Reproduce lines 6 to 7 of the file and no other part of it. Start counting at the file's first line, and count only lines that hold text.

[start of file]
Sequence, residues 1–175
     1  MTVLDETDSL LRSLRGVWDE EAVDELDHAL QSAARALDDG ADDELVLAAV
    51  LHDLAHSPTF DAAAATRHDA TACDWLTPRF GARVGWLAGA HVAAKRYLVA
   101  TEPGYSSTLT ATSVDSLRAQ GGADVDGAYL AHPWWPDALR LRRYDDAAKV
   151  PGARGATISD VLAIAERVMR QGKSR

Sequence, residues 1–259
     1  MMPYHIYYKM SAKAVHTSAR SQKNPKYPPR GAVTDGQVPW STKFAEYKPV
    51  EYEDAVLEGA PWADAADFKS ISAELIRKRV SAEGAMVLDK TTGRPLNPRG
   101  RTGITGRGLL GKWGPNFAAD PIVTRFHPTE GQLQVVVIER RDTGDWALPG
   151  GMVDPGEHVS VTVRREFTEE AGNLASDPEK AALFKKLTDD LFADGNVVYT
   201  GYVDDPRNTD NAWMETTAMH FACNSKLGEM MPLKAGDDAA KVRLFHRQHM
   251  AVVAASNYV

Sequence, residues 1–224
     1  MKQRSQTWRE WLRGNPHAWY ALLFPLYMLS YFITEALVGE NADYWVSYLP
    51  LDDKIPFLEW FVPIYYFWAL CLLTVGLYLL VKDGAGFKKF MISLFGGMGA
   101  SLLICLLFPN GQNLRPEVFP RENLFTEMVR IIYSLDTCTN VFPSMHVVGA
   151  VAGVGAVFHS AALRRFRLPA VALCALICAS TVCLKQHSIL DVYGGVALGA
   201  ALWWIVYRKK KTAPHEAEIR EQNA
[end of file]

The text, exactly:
Sequence, residues 1–259
     1  MMPYHIYYKM SAKAVHTSAR SQKNPKYPPR GAVTDGQVPW STKFAEYKPV